Does your backyard look like the surface of the moon? Are your cocker spaniel’s paws constantly dirty? Are you worried that your pup will dig too close to the fence and escape? And are you wondering just why the love to tear up the yard? Well, this article will list 5 reasons why your cocker spaniel just loves to dig!
If the yard looks a little boring, or you’re putting your cocker spaniel outside for long periods of time, they may start to dig for a bit of entertainment. Soil and plant roots are exciting stimuli for a young dog, especially if the roots lead to a bit of single-player tug of war. To prevent digging for this reason, go into the yard to play with your pup, put out some interesting toys, or find them a buddy, if even just for a little while. If there’s a corner of the yard you don’t mind filling in, make them a designated digging area. And don’t leave them unattended for long periods of time.
Comfort or Shelter
Does your cocker spaniel prefer digging on hot days? They’re probably trying to get to the cooler soil. On a cold or windy day, they might try to dig a makeshift den for protection. And if they’re thirsty enough, they might try to dig for underground water. Stopping this kind of digging is easy enough. Bring them inside if they need a break from the weather, and give them a nice, big, hard-to-tip bowl of water to drink.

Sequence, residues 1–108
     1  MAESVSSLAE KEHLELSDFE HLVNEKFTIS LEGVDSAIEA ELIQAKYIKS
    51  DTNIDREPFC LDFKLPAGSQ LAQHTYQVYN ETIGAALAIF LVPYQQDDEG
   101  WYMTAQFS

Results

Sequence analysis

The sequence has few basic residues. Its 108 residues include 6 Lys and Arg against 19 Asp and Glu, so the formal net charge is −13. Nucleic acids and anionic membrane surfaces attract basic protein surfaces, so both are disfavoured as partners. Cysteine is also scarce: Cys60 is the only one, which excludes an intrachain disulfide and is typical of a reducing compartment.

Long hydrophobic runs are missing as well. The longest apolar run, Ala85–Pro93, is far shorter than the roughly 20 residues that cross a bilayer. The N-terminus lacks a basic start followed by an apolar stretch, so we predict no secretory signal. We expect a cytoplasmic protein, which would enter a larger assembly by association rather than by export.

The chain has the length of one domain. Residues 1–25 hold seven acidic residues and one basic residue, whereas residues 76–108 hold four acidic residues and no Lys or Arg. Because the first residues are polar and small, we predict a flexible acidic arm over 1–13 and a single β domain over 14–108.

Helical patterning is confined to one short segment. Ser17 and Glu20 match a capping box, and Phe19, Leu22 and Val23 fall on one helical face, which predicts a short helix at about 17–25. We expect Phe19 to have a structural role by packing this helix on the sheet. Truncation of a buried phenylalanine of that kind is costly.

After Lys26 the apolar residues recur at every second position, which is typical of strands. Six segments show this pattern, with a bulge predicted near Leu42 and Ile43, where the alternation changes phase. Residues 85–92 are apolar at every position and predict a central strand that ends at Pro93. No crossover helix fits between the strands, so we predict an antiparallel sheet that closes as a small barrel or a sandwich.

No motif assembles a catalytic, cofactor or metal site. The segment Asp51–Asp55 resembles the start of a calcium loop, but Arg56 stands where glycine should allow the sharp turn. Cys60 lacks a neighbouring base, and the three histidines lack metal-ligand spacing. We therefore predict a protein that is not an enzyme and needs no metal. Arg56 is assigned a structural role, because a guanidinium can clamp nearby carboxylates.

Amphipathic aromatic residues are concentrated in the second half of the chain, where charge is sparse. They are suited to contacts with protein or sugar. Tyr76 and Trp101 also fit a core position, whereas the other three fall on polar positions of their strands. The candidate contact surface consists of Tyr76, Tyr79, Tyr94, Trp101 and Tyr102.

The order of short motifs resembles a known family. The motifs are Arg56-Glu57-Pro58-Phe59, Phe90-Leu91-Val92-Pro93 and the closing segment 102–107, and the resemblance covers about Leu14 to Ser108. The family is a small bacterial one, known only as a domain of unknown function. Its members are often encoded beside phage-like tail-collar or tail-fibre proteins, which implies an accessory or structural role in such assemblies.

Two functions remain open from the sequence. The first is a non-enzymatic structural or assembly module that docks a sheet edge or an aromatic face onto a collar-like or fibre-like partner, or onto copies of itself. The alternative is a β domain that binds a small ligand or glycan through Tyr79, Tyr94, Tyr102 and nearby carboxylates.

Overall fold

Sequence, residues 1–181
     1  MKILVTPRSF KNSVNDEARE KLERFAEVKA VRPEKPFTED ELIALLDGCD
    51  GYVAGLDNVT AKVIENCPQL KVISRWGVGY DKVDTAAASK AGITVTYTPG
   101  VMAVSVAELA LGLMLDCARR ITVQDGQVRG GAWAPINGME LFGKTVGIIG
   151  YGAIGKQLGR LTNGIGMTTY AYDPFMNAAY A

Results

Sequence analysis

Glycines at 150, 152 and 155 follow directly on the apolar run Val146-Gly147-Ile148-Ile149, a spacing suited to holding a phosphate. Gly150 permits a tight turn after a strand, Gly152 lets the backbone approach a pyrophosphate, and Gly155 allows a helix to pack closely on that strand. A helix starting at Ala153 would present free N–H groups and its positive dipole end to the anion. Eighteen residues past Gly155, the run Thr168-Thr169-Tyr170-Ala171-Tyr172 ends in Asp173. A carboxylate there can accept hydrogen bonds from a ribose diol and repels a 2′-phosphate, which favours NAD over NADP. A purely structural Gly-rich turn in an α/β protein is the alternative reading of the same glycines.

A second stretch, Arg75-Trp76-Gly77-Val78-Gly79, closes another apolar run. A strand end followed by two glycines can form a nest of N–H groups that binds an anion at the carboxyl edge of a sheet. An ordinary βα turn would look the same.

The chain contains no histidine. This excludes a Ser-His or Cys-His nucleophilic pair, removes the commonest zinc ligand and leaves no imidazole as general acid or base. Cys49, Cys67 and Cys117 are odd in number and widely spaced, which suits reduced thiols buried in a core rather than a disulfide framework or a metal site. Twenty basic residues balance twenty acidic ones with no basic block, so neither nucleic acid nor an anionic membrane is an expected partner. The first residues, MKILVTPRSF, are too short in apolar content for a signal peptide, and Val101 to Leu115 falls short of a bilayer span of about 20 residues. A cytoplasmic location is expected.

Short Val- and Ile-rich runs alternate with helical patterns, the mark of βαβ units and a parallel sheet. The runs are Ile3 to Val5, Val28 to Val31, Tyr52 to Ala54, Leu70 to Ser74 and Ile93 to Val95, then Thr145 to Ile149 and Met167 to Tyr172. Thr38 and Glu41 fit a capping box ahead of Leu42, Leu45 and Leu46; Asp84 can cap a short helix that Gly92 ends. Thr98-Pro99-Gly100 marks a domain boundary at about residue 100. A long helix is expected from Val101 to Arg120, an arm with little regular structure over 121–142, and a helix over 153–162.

A gopher, rabbit, or ground squirrel makes for an interesting chase for your cocker spaniel, but a ruined yard for you. If they’re digging in a focused area, or near tree roots, that could be a sign of hunt digging. What should you do in this scenario? Find a way to humanely remove the prey animal, fill in its tunnels, and get rid of its scent. With the animal gone, your cocker spaniel won’t be driven to dig anymore. And be vigilant. If one animal has found your yard a good home, others might, too. Make your yard less attractive to the prey.
If your cocker spaniel is particularly interested in some spots near the fence, they could be trying to escape the yard. Maybe something in it is scaring them, or maybe something beyond it is enticing. Either way, this is something you want to prevent. Remove the incentive to escape, if possible, and make digging under the fence harder. Try blocking off their preferred tunneling space with some rocks, or put chicken wire in the ground to patch their hole. A bit of chain-link fence along the border of the yard will make it harder for them to walk there. If you make things difficult enough, and the yard safer, less scary, and more enticing, they’ll give up on their escape attempts before long.
If a cocker spaniel doesn’t get enough human interaction, they’ll do just about anything to be noticed. This includes some fairly undesired behaviors, like digging. To a dog who’s lonely or desperate enough, even negative attention works. This is one of the tougher habits to break. The best way to do so is with a combination of things. Ignore the digging behavior, no matter how much it may frustrate you. Give them plenty of opportunities to be a good dog, and p